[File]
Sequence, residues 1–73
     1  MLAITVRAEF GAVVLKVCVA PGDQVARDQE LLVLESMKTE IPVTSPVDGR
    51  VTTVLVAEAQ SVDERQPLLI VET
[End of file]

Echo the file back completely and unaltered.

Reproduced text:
Sequence, residues 1–73
     1  MLAITVRAEF GAVVLKVCVA PGDQVARDQE LLVLESMKTE IPVTSPVDGR
    51  VTTVLVAEAQ SVDERQPLLI VET